A new study suggests men may be more willing than women to sacrifice achievement goals for a romantic relationship.
The findings by Catherine Mosher of Duke Medical Center and Sharon Danoff-Burg from the University of Albany contradict the stereotype of women being more likely to prioritize people and relationships, while men are more focused on themselves and their achievements.
Their paper will be published in the next issue of the Springer journal, Gender Issues.
The authors looked at whether personality traits influence students’ life goals, and focused on the relative importance of romantic relationships and achievement goals in particular. A total of 237 undergraduate students (80 men and 157 women aged 16 to 25 years), from the psychology department at a state university in the northeast of the US, completed questionnaires measuring personality traits and life goals.
In particular, Mosher and Danoff-Burg looked at ‘agency’, or the focus on oneself and the formation of separations, including self-assertion, self-protection, and self-direction, as well as ‘communion’, or the focus on other people and relationships, which involves group participation, cooperation and formation of attachments.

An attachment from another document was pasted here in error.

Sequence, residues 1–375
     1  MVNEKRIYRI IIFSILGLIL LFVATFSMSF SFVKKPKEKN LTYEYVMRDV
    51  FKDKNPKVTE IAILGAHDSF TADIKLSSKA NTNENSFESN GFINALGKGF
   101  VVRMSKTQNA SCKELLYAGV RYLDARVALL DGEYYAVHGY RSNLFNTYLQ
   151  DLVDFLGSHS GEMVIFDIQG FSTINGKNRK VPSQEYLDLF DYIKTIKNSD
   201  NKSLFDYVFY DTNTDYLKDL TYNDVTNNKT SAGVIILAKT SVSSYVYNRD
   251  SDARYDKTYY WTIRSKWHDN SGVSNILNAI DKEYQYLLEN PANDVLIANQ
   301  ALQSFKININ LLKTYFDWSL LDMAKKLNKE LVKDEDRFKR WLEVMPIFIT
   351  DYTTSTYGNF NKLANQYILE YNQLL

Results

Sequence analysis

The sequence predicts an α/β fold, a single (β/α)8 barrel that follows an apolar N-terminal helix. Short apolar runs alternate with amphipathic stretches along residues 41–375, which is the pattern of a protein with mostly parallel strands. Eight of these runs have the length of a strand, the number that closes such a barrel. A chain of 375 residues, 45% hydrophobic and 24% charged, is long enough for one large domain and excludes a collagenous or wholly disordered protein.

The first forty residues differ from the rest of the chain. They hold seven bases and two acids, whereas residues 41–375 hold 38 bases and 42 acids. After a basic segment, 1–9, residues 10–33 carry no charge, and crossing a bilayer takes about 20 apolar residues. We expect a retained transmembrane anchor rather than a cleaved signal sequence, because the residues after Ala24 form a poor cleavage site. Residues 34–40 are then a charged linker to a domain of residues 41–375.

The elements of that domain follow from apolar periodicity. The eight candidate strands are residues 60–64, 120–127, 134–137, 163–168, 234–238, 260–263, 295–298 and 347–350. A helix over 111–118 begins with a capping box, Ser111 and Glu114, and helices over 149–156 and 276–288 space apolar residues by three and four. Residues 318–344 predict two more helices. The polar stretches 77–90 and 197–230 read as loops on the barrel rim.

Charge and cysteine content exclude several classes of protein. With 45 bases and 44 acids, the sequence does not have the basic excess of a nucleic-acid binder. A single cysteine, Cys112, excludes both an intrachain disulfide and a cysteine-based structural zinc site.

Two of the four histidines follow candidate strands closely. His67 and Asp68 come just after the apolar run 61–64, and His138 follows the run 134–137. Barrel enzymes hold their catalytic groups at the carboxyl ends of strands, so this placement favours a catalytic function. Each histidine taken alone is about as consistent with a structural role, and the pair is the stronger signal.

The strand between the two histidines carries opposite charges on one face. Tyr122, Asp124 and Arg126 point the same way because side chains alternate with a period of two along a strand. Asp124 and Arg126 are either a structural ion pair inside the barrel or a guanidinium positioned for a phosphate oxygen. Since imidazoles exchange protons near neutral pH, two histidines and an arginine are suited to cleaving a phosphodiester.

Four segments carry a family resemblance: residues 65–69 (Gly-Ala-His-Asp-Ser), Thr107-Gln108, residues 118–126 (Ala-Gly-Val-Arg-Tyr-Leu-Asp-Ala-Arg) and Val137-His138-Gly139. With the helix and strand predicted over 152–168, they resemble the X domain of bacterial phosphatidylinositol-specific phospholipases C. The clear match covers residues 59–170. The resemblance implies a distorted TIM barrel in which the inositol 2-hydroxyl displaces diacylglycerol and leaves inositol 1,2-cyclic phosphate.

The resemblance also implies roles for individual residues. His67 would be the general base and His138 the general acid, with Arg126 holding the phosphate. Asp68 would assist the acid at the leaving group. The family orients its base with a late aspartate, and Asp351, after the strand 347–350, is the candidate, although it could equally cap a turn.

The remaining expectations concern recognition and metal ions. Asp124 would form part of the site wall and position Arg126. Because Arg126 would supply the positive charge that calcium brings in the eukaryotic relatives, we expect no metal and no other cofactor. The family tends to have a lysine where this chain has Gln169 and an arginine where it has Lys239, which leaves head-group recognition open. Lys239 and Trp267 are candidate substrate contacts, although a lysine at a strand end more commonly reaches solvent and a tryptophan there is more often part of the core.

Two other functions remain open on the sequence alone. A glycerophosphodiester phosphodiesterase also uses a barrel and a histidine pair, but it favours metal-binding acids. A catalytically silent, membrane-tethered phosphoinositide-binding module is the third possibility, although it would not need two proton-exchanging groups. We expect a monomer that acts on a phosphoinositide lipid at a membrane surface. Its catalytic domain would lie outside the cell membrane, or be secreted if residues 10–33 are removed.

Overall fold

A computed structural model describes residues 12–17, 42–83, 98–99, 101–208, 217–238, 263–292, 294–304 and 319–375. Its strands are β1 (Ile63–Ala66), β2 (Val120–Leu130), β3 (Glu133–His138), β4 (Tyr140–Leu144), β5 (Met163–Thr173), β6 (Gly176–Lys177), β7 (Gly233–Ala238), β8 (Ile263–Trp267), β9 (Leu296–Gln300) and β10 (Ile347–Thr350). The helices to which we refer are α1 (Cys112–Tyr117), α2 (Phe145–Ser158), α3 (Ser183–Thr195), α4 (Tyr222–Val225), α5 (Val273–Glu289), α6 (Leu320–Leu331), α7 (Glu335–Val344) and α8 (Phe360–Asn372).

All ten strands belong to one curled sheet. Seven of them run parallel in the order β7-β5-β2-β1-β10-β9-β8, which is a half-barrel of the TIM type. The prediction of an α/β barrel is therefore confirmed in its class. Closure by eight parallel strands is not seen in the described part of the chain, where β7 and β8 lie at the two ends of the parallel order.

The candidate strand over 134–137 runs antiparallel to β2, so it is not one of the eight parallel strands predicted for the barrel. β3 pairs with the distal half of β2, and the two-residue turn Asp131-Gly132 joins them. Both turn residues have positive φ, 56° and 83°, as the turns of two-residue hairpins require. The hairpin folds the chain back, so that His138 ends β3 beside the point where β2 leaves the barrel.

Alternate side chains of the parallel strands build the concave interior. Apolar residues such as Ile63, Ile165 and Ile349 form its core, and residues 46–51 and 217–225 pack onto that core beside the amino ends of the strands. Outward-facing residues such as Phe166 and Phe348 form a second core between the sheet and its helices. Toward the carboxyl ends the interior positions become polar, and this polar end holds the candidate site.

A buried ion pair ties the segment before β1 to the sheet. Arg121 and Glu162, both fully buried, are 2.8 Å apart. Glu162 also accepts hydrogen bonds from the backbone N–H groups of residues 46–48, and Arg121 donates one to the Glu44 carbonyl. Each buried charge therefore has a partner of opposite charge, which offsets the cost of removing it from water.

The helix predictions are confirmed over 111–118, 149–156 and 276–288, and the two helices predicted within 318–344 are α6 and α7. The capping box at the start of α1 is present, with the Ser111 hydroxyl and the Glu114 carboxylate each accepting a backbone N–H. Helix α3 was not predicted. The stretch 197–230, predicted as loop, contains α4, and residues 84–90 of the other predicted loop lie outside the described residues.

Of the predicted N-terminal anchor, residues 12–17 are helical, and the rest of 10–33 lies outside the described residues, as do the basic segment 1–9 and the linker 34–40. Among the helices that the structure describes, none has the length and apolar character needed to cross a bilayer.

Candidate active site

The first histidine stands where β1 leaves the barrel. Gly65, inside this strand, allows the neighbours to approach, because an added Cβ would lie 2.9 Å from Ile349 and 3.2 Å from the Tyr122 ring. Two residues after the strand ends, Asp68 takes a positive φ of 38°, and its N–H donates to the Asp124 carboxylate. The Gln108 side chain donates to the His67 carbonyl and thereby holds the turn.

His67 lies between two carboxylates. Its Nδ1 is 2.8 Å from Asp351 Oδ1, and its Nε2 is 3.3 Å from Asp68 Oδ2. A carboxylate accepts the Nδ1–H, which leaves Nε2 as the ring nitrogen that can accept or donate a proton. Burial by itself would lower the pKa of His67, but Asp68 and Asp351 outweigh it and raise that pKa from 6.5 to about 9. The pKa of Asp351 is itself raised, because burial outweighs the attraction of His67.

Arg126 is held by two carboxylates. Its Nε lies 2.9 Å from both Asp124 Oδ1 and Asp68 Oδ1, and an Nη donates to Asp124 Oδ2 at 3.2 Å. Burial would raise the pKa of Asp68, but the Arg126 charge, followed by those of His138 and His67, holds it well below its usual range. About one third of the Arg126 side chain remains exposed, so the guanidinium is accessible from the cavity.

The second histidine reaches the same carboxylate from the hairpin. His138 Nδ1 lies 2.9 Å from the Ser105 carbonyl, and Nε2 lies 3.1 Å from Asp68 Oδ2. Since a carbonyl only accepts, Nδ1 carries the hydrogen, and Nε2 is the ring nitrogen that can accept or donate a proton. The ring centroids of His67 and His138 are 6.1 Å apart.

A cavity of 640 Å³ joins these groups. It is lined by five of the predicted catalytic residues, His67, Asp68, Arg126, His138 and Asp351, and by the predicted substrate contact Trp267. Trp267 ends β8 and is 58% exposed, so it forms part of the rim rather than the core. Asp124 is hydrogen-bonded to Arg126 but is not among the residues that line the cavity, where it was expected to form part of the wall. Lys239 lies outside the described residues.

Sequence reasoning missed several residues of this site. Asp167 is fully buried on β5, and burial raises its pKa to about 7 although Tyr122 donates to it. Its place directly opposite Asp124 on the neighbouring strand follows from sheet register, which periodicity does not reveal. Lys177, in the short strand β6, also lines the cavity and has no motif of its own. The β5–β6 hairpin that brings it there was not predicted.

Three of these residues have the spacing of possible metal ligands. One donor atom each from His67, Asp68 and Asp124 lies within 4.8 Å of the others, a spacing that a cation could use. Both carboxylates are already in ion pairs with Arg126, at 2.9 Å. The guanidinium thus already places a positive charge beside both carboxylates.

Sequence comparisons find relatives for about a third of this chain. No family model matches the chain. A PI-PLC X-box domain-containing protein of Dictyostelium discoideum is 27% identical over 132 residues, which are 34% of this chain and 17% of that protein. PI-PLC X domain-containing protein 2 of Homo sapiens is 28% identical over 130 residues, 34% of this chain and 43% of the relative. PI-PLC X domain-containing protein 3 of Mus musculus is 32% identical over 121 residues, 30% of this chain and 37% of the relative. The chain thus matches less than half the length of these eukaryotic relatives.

In general, women tend to score higher on measures of communion whereas men tend to score higher than women on measures of agency.
Life goals included seven achievement goals (physical fitness, travel, financial success, home ownership, contribution to society, career and education) and five different types of relationships (romantic, marriage, children, circle of friends and family ties). Participants’ willingness to sacrifice achievement goals for a romantic relationship was also examined.
Overall both college men and women showed strong desires for individual achievement and relational intimacy. As expected, self-focus was linked to the importance of achieving, such as having a successful career. Focus on others was related to the importance of having meaningful relationships and making a contribution to society.
Unexpectedly however, men were more likely than women to give priority to a romantic relationship when asked to choose between a relationship and their career, education and traveling.
The authors suggest that college women in this study may have been strongly committed to working towards a successful career and therefore hesitant to abandon their goals for a romantic relationship. In contrast to women, men also appear to derive more emotional support from their opposite-sex relationships than their same-sex friendships.